Professor of Classics David Rohrbacher’s Food and Dining in Ancient Rome Independent Study Project (ISP) was a huge hit among students, drawing in well over a dozen first-years for their first group ISP. Take a look back on the different meals and students’ experience with cooking authentically ancient Roman food!
Inspired by Mark Grant’s Roman Cookery: Ancient Recipes for Modern Kitchens, Rohrbacher and some enterprising students spent the month of January reading, researching, cooking and eating straight from Roman history. The menu included roast boar, prawn patties and lamb brains. Some of these, including the ostrich and wild boar, were offered throughout the ISP period to any students willing to test the limits of their palate, and more than one Catalyst staff member got a bite of the struthio elixus—boiled ostrich with date sauce in the common tongue. Not all students partook of every dish offered, but all tried at least one, and anybody who visited campus had a real shot of seeing this ISP in action as they literally broke bread at College Hall.
This isn’t to say that they were just cooking—students undertook a number of readings on the history associated with these dishes.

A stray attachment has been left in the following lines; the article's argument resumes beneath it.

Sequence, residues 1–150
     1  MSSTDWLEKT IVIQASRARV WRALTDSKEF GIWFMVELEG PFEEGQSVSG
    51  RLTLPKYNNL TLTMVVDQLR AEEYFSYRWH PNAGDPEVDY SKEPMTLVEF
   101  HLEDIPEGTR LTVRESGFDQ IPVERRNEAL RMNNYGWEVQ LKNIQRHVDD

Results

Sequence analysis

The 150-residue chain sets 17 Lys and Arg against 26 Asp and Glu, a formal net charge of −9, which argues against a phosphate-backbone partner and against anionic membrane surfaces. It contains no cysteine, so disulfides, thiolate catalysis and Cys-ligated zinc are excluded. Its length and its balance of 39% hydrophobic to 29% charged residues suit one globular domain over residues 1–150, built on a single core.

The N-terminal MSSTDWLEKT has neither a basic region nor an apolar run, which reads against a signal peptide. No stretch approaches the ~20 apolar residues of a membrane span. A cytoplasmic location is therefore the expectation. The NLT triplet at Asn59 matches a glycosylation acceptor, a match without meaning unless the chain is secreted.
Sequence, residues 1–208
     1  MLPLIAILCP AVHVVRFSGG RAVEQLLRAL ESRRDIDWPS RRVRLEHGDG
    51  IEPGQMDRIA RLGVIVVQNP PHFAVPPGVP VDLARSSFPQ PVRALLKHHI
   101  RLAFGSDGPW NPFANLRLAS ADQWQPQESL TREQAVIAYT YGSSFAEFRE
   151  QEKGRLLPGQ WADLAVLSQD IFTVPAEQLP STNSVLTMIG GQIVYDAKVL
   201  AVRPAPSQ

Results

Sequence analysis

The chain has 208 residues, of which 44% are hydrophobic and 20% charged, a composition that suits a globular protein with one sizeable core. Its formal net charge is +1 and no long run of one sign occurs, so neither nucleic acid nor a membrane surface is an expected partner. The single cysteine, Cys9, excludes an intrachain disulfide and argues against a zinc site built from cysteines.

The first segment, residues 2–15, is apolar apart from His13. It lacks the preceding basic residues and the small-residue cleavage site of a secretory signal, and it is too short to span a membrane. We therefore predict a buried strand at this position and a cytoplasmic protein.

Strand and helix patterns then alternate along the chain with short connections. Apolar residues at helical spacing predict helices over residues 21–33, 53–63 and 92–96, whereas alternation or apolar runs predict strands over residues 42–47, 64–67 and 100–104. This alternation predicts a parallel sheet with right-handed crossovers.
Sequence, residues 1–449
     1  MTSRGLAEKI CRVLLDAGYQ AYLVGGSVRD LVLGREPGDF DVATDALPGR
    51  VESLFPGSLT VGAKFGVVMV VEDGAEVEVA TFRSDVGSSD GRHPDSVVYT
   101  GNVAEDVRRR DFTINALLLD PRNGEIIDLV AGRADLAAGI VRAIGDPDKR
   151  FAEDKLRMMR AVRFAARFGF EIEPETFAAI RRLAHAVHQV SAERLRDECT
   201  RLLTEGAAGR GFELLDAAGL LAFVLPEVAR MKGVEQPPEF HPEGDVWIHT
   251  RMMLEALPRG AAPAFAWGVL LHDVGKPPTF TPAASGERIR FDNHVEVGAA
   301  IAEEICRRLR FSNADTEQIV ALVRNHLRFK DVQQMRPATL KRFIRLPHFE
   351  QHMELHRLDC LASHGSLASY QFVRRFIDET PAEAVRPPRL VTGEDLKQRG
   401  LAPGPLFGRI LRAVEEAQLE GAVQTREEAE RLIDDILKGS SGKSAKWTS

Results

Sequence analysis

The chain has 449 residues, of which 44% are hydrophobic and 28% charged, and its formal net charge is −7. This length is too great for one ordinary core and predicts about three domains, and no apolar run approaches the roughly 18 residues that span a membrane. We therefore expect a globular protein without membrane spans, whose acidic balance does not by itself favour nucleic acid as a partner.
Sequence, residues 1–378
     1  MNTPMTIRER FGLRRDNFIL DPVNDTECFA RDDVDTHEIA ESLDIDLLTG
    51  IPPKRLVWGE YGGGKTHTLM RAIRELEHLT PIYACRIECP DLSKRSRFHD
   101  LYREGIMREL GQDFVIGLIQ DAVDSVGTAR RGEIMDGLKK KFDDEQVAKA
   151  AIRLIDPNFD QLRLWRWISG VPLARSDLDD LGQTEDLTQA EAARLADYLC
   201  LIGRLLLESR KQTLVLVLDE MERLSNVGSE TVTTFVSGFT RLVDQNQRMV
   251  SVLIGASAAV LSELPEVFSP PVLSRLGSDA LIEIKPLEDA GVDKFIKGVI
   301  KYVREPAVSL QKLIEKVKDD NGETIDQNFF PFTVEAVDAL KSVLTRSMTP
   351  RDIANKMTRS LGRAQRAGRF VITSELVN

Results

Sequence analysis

A vegan favorite was the phakoptisana, a lentil-and-barley soup prepared in the first few days of the ISP. It’s made by adding barley and lentils in a casserole that you leave to soak overnight, before chopping up a leek, dill and savory. Toss those in a casserole, simmer for an hour, and voila! A bona fide Roman soup.
The struthio elixus is made in a deceptively simple way. Toss pepper, mint, cumin, celery seeds, dates, honey, vinegar, possum, garum and oil in a pot, thicken it with start and then either cover the ostrich in the sauce or cook it right inside. The accompanying date sauce is made by pitting and chopping some dates and then mixing in the same sauce from the ostrich.
The porridge a la Julianus (our resident lamb-brain meal) is made with ground brains and meat and some mild seasoning, before mixing it with broth and then serving as porridge—another surprisingly easy recipe.